Merseyside Traction

Merseyside Traction

By Doug Birmingham
Amberley Press

Reviewed by Joe Coventry

If a picture paints a 1000 words, this book is for you; but don’t neglect the small print under every image to enable a largely unseen or unlooked-for world to come to life before your eyes.

For example, the front cover image and it’s associated text gives an inkling of what to expect. In silver livery No 60099 approaches Roper’s Bridge Whiston, with a diverted 6F78 the 11.30 Fiddler’s Ferry Power Station to Liverpool Bulk Terminal empty HTA hoppers. In the background is the author’s local station, Whiston, which was built and opened in 1990. 16 April 2016.

Doug Birmingham has chosen the last 20 years as the timescale to show off his photographs of many of the types of running (or not) trains in the Merseyside rail system. From steam locomotives to diesel, hybrid units to full electromotive power, this history of the types of traction used builds up in no chronological order but is shaped rather around locations of significance for the author that have been captured on film.

There is a lot to take in here once you realise that there are seven Train Operating Companies and not just the Mersey Rail yellow liveried 507/508 750 volt 3rd rail powered EMU’S out there as well as three Freight Operating Companies on the system, but as the network has expanded or contracted over time, the archive records the passing or introduction not only of trains but line closures or extensions and the demise or upgrade of the very infrastructure of the network itself.

Getting to grips with a lot of terminology used could be confusing if the reader is not a train anorak. As the text draws you in things become clearer; so each traction unit has a unique Reporting Number eg. 1Z92, and runs on it’s own diagram or is stabled when not operative; with no livery on the motive power is classed as being decaled and bears a sticker to that effect with all its vital statistics on; or a unit can be running dead in tow or on an emergency VSPT or carrying a single line token. Then there are the Orange Men. The text contains answers to all these and more but Birmingham is sparing in providing obvious answers straight away.

I found the best way to read this book was to digest a few pages at each sitting and discover not just the different classes of traction units, run by entities like Freightliner, DB Shenkar, COLAS, EWS or DRS (initials are no disincentive to those in the know). There are also the plethora of trucks and materials being carried as freight on them. Or perhaps the different Electromotive Unit people movers will bring the minutiae in each image to life.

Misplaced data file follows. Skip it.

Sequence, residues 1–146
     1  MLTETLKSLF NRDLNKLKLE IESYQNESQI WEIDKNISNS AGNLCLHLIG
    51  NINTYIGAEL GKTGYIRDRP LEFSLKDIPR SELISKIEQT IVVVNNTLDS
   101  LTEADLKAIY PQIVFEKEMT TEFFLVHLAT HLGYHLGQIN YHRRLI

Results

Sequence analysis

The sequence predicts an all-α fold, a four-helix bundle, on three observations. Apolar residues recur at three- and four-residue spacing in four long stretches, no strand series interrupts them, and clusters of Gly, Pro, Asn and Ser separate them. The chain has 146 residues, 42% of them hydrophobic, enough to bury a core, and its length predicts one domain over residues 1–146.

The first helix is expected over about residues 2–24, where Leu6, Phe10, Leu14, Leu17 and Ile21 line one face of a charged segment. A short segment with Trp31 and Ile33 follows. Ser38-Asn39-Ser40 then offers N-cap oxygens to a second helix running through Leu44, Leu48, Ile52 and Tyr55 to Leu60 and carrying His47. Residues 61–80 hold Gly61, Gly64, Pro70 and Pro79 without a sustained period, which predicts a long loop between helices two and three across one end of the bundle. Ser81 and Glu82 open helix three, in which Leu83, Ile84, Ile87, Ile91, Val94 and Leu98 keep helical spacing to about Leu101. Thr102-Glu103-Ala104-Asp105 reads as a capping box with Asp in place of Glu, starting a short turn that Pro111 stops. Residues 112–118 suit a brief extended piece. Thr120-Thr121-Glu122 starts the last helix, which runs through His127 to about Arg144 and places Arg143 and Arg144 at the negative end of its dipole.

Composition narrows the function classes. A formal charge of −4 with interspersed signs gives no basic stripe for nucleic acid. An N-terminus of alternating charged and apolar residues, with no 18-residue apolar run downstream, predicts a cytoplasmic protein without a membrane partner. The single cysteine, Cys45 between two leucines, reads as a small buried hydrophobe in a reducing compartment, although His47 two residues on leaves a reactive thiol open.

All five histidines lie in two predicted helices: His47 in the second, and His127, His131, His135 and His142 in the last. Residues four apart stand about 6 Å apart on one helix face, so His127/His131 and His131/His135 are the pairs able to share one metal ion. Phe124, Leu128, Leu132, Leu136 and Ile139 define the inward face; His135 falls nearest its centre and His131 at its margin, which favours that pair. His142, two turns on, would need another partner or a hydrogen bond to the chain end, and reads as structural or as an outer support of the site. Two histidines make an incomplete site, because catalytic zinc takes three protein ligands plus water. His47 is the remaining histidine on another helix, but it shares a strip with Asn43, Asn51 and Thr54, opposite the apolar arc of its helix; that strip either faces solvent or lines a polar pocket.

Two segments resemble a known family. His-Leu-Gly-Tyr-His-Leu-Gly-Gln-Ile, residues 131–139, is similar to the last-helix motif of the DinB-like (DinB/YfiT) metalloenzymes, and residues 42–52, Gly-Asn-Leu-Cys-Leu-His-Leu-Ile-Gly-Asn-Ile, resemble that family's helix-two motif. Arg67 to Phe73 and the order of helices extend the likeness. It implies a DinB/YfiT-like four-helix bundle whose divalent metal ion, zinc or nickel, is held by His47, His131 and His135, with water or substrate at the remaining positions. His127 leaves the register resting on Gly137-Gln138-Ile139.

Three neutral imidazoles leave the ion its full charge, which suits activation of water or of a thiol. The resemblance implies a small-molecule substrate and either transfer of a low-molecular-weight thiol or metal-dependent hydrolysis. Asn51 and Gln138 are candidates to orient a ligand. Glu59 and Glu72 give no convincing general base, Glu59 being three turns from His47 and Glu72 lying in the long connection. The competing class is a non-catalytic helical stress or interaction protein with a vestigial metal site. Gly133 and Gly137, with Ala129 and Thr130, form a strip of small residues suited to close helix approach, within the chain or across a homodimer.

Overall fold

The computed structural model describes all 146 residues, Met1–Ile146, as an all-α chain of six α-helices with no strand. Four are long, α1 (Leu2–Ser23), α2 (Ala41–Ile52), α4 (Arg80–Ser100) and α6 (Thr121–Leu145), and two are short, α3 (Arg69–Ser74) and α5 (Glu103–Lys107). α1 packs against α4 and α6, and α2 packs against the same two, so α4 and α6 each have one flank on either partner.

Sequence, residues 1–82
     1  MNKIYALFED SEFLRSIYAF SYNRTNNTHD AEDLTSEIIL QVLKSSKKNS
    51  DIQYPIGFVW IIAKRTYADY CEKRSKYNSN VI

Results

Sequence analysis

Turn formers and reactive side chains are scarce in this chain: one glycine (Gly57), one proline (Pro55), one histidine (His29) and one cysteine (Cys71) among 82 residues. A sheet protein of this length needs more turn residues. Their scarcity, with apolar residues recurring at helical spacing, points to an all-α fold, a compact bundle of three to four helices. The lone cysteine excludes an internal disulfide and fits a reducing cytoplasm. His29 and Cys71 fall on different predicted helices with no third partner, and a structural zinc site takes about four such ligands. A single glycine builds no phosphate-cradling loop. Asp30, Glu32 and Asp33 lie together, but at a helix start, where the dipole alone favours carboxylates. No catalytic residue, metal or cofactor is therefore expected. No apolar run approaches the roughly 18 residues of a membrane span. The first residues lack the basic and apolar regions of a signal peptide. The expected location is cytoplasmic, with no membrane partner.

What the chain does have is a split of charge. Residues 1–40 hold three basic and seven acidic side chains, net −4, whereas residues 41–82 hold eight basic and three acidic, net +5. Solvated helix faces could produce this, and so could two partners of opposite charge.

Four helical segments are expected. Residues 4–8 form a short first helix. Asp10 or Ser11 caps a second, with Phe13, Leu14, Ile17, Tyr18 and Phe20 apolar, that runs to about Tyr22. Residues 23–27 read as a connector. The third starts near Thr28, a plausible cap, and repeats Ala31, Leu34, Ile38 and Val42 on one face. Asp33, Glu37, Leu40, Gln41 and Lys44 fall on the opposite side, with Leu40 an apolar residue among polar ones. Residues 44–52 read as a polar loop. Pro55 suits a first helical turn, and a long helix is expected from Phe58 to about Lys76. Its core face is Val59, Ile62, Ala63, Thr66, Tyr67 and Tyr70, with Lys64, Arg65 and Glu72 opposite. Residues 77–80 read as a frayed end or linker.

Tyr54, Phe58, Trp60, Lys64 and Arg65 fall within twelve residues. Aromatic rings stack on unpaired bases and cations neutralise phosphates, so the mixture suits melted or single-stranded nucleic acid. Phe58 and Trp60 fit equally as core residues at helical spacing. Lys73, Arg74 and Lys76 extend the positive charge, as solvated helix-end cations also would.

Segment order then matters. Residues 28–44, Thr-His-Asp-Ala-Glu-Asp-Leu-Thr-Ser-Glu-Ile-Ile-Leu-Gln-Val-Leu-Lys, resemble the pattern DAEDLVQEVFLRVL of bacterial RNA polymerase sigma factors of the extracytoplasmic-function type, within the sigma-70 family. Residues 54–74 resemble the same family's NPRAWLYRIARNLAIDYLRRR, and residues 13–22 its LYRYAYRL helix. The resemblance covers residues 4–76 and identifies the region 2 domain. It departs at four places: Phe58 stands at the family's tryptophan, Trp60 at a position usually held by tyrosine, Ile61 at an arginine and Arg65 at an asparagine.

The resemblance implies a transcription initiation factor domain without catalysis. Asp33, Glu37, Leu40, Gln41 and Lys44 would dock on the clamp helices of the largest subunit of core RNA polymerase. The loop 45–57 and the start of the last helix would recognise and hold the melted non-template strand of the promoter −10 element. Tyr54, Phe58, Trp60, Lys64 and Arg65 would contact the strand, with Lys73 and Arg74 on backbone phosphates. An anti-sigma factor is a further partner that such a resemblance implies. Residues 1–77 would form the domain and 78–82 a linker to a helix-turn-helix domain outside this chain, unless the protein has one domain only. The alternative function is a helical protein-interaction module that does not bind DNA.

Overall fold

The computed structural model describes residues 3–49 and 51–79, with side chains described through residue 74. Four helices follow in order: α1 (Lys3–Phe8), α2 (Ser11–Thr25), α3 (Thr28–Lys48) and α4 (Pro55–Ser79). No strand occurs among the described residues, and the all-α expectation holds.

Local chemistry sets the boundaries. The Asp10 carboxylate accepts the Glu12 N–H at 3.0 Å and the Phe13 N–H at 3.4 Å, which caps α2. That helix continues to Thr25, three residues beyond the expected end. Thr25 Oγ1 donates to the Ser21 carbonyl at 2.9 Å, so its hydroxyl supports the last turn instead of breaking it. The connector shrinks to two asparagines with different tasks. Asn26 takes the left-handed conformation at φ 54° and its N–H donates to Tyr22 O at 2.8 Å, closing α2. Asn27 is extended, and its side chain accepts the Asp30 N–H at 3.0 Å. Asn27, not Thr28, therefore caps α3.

Enter the world of Up Lines, Down Lines, stations, bridges, viaducts, signal boxes, signals, cuttings, tunnels, disused lines; then autoballasters, JHA/JMA Hoppers, VGA/JXA Vans, PFA Flat Waggons and what they carry (or carried), from where they set out to where they ended up. Discover also that the classic 142 Pacemaker, the bane of many a sore back, was designed on British Leyland’s national bus template but was deemed a great success.

The capturing of these images has been very dear to the author’s heart as is evidenced by his commitment to detail. Facts like the Royal Train stabling overnight on a disused platform at Hooton, biomass usurping coal as the main import at Bootle Docks, Olive Mount Cutting on the entrance to Lime Street Station being two miles long, that the original Roper’s sandstone bridge on George Stephenson’s 1830 world first, intercity commuter line is still extant, but not the the famous 150th Celebratory 77 Step Footbridge over the tracks at Rainhill.

This book becomes a fascinating read the more times it is opened. The first time it seemed a daunting prospect but it is now becoming an old friend. Find out for yourself.

Leave a Reply

Your email address will not be published.

Please answer this (to remove spam) *